cenled bunch of fire-crackers.
President White lately ftd
vised the Cornell students to
abjure "Reade's Terrible Temp
tation." .Tim book-stores of
Ithica have not been able to
supply the demand created for
the book by this .first clas.s ad
vertisement. .,,.....-.
Texas O. K.
20,000 Democratic Majority!
Reports from Texas of tlio election
held Inst week, state that tho Dem
ocratic majority is 20,000.
Tho Democrats linvo elected the
four Congressmen being a gain of
tliroo member?.
Grnntlmd put a number of conn
ties under raurtial Jaw, but the De
mocracy' carried sorno of them in
spilo of tho bayonets.
Tho State will give a Democratic
majority for President in 187i !
How it Works.
The practical working of the
woman's suffrage movement
has recently had a striking
exemplification in Wyoming,
where a Mrs. Morris is Justice
of the l'ace. Her husband in
her absence at the office, has
had to manage the domestic
affairs of his once happy home,
and on one occasion, the baby
becoming unusually turbulent,
he sought refuge in the flowing
bowl. Some malicious wags
discovered him in a considera
bly elevated condition, and
bearing him off to his wife's
office, demanded a warrant for
his arrest. After a moment's
hesitation between wifely and
judicial feeling she granted the
demand, and- proceeded to try
her lord and master for breach
of the peace. Mr. Morris
head not being particularly
clear, he failed to comprehend
the situation, and accordingly
addressed the Court in hu usu
al familiar stylo. Being
promptly checked by the offi
cer in charge, his anger wa
aroused, and with some earnest
ness and a good deal of pro
tfltilt.v he informed that func
tionaiy that lie was a fool, and
that the woman was his wife
Esther; also volunteeiing the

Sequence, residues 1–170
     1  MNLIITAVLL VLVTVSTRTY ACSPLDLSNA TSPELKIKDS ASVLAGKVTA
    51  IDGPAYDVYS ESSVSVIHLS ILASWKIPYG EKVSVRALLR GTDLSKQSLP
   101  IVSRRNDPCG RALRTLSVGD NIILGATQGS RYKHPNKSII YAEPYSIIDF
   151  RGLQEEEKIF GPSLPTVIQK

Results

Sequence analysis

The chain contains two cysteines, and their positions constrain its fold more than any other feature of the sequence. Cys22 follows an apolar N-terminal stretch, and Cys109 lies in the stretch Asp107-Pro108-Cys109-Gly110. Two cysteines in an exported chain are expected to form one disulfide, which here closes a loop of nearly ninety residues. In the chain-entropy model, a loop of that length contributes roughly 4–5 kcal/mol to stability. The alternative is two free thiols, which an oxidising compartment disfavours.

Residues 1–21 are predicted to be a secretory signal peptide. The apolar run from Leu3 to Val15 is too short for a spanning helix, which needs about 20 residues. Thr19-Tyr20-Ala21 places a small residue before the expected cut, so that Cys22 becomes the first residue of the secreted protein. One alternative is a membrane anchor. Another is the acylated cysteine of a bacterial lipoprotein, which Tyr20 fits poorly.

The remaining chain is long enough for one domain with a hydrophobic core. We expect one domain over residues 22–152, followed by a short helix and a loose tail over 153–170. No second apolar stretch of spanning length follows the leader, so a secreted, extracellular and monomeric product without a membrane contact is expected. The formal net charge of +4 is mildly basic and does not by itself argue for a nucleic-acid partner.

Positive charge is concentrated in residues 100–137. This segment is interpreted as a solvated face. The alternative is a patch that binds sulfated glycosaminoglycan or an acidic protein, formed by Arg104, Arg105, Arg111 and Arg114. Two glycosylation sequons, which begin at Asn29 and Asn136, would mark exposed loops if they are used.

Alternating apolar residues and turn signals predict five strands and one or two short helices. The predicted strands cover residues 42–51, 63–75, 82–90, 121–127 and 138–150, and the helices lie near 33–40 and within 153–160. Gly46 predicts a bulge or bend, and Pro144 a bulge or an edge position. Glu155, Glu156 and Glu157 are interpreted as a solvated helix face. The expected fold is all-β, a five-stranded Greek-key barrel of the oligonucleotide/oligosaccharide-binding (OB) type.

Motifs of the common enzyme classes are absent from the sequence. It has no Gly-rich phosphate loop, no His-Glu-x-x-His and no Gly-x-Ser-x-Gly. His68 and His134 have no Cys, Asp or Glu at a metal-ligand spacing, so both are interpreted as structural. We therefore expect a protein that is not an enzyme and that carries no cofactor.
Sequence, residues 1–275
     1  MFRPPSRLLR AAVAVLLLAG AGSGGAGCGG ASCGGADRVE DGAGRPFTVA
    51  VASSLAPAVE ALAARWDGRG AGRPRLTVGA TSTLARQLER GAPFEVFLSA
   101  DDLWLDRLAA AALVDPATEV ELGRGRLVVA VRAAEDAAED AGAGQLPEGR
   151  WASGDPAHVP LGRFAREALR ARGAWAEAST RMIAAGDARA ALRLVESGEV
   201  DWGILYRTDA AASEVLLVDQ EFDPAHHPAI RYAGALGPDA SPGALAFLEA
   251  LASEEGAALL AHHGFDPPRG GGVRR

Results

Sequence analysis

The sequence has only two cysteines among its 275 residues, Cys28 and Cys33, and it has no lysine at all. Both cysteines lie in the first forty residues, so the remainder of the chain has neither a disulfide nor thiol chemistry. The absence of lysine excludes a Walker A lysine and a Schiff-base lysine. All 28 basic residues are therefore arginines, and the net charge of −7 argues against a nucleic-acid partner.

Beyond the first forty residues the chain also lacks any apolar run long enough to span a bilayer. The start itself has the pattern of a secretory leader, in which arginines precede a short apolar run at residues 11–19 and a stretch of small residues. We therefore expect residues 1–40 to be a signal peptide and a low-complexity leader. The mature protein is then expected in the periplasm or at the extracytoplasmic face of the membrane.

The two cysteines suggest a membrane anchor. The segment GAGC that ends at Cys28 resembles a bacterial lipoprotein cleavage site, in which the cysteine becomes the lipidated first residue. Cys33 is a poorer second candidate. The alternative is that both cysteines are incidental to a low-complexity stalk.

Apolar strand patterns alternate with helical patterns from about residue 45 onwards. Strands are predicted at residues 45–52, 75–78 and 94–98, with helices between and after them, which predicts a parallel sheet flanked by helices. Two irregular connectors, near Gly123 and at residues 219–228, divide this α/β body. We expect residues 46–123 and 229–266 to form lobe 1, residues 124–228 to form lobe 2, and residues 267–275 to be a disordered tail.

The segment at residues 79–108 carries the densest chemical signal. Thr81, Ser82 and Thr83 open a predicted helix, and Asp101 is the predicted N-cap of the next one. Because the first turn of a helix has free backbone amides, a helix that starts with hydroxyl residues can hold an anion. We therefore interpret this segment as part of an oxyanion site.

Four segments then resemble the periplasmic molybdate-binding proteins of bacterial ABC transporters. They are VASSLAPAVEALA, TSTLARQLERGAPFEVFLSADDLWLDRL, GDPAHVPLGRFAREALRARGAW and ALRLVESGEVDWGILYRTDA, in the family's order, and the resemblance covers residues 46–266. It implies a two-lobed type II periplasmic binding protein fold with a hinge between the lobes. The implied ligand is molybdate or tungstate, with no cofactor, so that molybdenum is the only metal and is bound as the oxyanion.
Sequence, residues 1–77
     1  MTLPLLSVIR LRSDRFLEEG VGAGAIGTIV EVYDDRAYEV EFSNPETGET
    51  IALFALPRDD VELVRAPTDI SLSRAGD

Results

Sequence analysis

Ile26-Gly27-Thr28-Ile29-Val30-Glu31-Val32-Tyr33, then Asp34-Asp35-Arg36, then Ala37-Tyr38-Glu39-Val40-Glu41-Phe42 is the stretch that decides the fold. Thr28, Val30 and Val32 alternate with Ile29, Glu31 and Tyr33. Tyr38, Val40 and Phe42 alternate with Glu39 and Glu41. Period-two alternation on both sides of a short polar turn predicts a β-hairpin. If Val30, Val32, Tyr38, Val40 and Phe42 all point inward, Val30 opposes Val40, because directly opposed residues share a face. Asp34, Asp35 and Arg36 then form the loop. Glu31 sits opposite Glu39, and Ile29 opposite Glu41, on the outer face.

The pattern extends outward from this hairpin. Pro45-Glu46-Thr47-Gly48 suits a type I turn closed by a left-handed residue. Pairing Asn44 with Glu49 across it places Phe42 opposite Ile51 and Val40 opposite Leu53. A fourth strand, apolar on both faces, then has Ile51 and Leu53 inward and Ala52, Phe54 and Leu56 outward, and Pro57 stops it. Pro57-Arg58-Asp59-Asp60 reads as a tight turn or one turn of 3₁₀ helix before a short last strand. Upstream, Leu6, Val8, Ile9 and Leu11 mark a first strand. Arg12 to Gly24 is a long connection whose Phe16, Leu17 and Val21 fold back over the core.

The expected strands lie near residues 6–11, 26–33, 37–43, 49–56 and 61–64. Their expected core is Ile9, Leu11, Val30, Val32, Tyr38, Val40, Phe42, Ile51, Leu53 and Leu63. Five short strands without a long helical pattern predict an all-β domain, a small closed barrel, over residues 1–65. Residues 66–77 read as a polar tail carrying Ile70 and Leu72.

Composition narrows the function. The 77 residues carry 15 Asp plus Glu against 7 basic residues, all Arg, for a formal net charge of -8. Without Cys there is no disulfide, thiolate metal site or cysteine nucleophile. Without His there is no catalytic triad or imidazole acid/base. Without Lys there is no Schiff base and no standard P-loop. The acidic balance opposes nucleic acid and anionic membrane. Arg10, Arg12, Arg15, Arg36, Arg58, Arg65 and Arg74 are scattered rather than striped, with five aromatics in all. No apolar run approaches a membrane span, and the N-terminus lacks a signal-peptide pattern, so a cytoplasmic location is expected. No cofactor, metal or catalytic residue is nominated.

statement that everybody
the vicinity was drunk. 1 In
indignant Justice ordered her
refractory liege to be locked
up, whereupon he appealed to
her maternal nature, by refer
ring iu touching language to
the blatant condition of her
offspring, and the almost abso
lute dearth of soothing syrup;
but the wretched man was
nevertheless marched o(T to
the dungeon, confinement
wherein were doubtless a sweet
boon compared with the Can
die lecture he received the
next night.
The Mormons had to pull up
stakes and "light out.' The
course adopted by the ledernl
authorities nflbrds slim . mar
gin for Mormondom to escape
from the law nnshorn of its dis
tinctive traits. I! urther ar
rests of Mormon leaders con
tinue, including that of Can
non, the fire eating editor of the
Deseret News. The point se
lected by the authorities for at
tack is the polygamous tcatures
of the Mormon Church, Can
non, like Young, being arrest
ed for "lasciviously cohabiting
with different women." The
only hope for the simon-pure.
Morinon is to pack up and
plunge anew into the wilder
A Vermont frirl of seventeen.
transplanted to Iowa, plays
it.. ... i . : 1
churchy drives two and some
times four horses on tho reap
er during the week, and recent
ly curried oft' the first prize foi
equestrianism at the La Crosse
county fair.
Wnolnlo Dealer In
Staple and Fancy Notions,
JTIy stock in now complete for Tall Sales, and